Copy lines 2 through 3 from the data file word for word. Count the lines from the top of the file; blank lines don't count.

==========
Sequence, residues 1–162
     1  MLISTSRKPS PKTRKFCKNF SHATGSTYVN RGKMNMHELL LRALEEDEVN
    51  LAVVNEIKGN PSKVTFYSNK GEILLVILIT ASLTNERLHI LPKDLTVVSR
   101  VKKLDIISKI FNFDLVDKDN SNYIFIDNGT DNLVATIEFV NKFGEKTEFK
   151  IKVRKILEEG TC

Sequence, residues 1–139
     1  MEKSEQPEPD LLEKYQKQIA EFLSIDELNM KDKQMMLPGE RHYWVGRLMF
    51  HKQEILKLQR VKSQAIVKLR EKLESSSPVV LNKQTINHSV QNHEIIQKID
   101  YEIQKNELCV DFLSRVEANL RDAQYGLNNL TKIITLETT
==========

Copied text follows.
     1  MLISTSRKPS PKTRKFCKNF SHATGSTYVN RGKMNMHELL LRALEEDEVN
    51  LAVVNEIKGN PSKVTFYSNK GEILLVILIT ASLTNERLHI LPKDLTVVSR